2020 Newsletter

Welcome to the Jackson School of Geosciences Newsletter.

A tradition since 1950, the Newsletter highlights research, news and achievements by Jackson School faculty, students, scientists and alumni.


Fractured World

Fractures are ubiquitous and vitally important to nearly everything that happens in the subsurface, yet they are not well understood. Researchers are working to change...

Increasing Diversity in Geosciences

There’s a good chance you would recognize Jackson School of Geosciences alumnus Tim Shin even if you’ve never met him. That’s because Shin’s face is...


Face masks, Zoom and Geosciences: How the Jackson School is Handling COVID-19

COVID-19 has turned education on its head. The Jackson School of Geosciences retooled its classrooms, labs and field classes to meet the challenges of...

Triassic Core

A quarter-mile rock core is shedding light — and raising questions — on the turbulent events of the Late Triassic.


Pressure Rising

With their historic 2022 coring mission looming, scientists at the Jackson School of Geosciences are honing their tools and skills for pulling samples of methane...




Field Experiences


Summer Field Camps

In the News

Awards & Honors

FANs Board

Alumni Notes

Library Report


Geology Foundation Advisory Council


Dean's Welcome

Mora HeadshotDear Alumni and Friends,

Welcome to the 2020 Jackson School of Geosciences.

Newsletter, the 71st geoscience newsletter at The University of Texas at Austin and my first as dean. I have always looked forward to the arrival of the annual newsletter from my own alma maters. Newsletters tie alumni and school communities together. Even as we read about new Jackson School research, faculty and achievements, we are reminded of our own time in school, times of intellectual growth and the start of lifelong friendships. After such a challenging year, it is heartening to hear of the steady success of the Jackson School. Our shared pride feels good.

Spring ushered in the coronavirus pandemic, and all of us continue to be affected by its constraints and costs, both physical and emotional. The Jackson School has not been immune. You will see examples of the impact of COVID-19 on the Jackson School throughout the Newsletter, but you will also see that we are still conducting the cutting-edge, societally important research that we are known for, and we are educating and preparing the next generation of geoscientists to tackle the challenges ahead.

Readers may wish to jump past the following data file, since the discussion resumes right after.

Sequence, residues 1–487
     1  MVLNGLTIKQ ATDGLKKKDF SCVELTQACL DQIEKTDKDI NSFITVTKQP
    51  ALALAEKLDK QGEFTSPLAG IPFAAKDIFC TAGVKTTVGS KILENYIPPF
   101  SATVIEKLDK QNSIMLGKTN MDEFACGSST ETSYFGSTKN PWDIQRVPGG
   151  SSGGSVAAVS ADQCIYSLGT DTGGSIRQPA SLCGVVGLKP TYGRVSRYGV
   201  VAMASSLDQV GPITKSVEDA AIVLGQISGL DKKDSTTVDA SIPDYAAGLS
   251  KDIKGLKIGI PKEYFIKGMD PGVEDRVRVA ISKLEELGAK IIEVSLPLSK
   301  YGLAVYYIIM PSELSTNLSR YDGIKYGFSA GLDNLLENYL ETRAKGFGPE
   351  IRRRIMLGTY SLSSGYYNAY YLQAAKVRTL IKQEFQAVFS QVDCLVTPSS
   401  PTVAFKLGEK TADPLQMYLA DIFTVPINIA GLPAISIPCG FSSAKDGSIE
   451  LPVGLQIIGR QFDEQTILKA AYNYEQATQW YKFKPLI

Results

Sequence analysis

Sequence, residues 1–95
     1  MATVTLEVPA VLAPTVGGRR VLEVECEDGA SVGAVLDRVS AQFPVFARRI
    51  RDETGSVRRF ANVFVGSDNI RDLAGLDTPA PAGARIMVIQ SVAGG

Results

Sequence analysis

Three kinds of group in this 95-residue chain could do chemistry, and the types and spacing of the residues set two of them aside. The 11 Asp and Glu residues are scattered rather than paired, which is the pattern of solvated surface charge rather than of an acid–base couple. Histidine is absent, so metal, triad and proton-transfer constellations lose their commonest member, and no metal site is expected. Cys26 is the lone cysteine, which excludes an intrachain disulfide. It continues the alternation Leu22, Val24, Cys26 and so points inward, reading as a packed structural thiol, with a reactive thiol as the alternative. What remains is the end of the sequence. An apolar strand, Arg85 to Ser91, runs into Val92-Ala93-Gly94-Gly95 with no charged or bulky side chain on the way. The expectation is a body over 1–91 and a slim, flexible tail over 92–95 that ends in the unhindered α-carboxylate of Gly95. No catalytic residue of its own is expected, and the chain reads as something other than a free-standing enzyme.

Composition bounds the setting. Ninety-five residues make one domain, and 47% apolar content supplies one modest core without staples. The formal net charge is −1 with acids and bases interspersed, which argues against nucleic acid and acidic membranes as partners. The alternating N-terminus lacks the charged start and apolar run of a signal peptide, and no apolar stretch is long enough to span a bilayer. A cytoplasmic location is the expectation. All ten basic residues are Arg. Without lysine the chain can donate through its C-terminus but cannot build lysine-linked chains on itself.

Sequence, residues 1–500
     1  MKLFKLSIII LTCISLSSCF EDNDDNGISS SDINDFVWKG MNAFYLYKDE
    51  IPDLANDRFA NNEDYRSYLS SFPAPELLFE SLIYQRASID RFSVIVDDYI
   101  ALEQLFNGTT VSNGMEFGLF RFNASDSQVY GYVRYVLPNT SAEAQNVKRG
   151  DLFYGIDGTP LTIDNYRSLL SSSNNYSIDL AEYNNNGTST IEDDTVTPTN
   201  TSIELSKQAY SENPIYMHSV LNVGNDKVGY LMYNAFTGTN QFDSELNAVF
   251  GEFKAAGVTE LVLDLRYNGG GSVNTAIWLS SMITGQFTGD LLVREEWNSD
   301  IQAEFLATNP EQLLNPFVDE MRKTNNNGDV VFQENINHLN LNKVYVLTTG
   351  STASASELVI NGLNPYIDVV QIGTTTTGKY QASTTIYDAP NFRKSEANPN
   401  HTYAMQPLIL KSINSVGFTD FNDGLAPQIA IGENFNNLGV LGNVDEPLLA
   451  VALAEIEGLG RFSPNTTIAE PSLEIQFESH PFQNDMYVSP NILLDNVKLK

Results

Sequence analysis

I am very proud of our students, faculty, research scientists and staff for enabling the success of remote and socially distanced learning and research, and I think you will be too. See the feature on the many efforts that brought our research and teaching back to life after the initial shock of the COVID-19 closure.

Like past issues, this Newsletter includes updates on cutting-edge science at the Jackson School. One story showcases the Bureau of Economic Geology’s FRAC research group and their unique approach to studying rock fractures — a topic impacting energy and water resources, and subsurface storage. The spring also brought renewed efforts across the Jackson School to address the lack of diversity in our school and the geosciences, in general. Learn more in our feature on the topic about this stubborn, longstanding challenge and what the Jackson School is doing to attract and support geoscientists from diverse backgrounds.

In the profiles section, we welcome new members of the Jackson School, such as the Bureau of Economic Geology’s new Associate Director Kenneth Wisian, and honor those who have done so much for us, such as former Department of Geological Sciences Chair Ron Steel, who became a professor emeritus this year. You can also learn a little more about my life, research and plans for the Jackson School.

And, sadly, we said goodbye this year to longtime friends and colleagues: Dennis Trombatore, the head librarian for the Walter Geology Library; Stephen Ruppel, senior research scientist at the Bureau of Economic Geology; Robert Tatham, professor and Shell Centennial Chair in Geophysics; and, Bill White, a longtime researcher at the Bureau of Economic Geology. Read more about these special colleagues in the memorial section. I know all were beloved and will be greatly missed by the Jackson School family.

I know that many of us are ready to see 2020 just go away. But the school remains strong, and we are grateful for your steadfast support and interest. I hope the end of the year brings you a few special treats: time with family, a chance to celebrate the season, to eat (or re-gift) that fruitcake, and a quiet moment and cozy chair for enjoying the Newsletter!

Blessings and good health to all.

Mora Signature




Claudia Mora, Dean